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LGBT

Cool For You epub ebook

by Eileen Myles

Cool For You epub ebook

Author: Eileen Myles
Category: Literature & Fiction
Language: English
Publisher: Soft Skull Press; 1st edition (November 1, 2000)
Pages: 196 pages
ISBN: 188712859X
ISBN13: 978-1887128599
Rating: 4.6
Votes: 613
Other formats: doc mobi docx rtf


Eileen Myles's Cool For You rocks so hard it hurts. Like most memoirs, it's moving, and often sad, but where other books devolve into wee wistful prettiness, Cool For You stays rigorous- like a breaststroke, performed again, and again, and again.

Eileen Myles's Cool For You rocks so hard it hurts. which she refuses to codify into "identities", though illumines beautifully nonetheless.

I read an article about Eileen Myles recently, and the writer described Myles as someone who has "an intense yet introspective interest in humanity". An interest in her own humanity, and in the lives of the humans around her. I have that too.

The first published novel of legendary poet and performer Eileen Myles follows a queer female growing up in working-class Boston, straining against the institutions that hold her: family, Catholic school, jobs at a camp, at a nursing home, at a school for developmentally disabled adult males. Free-ranging and deadpan, tragic and joyful, this is a book about women, gender, class, bodies, escape, and what it means to be inside. Never more relevant, and now with an introduction by Chris Kraus. Fiction Coming of Age. To read this book, upload an EPUB or FB2 file to Bookmate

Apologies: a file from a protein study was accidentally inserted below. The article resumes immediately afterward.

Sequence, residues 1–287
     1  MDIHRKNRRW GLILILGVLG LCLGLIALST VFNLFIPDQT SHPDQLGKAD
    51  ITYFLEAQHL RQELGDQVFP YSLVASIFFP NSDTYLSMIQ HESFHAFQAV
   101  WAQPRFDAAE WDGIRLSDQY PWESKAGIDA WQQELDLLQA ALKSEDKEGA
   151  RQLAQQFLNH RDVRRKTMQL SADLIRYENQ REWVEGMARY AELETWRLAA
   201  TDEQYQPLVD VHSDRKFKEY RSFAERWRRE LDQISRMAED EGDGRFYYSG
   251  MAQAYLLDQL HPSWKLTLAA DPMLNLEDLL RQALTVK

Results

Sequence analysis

Cool for You’s tough-girl narrator wants to be an astronaut.

Cool for You’s tough-girl narrator wants to be an astronaut. Mass Market Paperback Paperback Hardcover Mass Market Paperback Paperback Hardcover.

Eileen Myles (born December 9, 1949) is an American poet and writer who has produced more than twenty volumes of poetry, fiction, nonfiction, libretti, plays, and performance pieces over the last three decades. Novelist Dennis Cooper has described Myles as "one of the savviest and most restless intellects in contemporary literature.

Eileen Myles was born in Cambridge, Massachusetts, and was educated at the University of. . They moved to New York City in 1974 to be a poet, and subsequently a novelist and art journalist. They gravitated to the St. Mark’s Poetry Project, where they studied with Ted Berrigan, Alice Notley, Paul Violi, and Bill Zavatsky. In 2011, Myles was a featured writer on Harriet.

This newest book paints a kaleidoscopic portrait of a beloved confidant: the pit bull called Rosie. In 1990, Myles chose Rosie from a litter on the street, and their connection instantly became central to the writer's life and work.

1949, Cambridge, MA, United States lives in: New York City, United States. Eileen Myles (b. 1949 in Cambridge, Massachusetts) began their career as a poet in the New York City of the 1970s, where they were influenced by the second generation of writers of the New York School including James Schuyler, Alice Notley and Bernadette Mayer. They did their first readings in CBGB‘s, the famed club in the East Village of Manhattan, where such bands as the Ramones, Patti Smith, Johnny Thunders and Blondie played

Grainy and stripped, this gritty novel traces the downbeat progress of a girl growing up in working-class Boston. “Eileen Myles is a genius!” — Dorothy Allison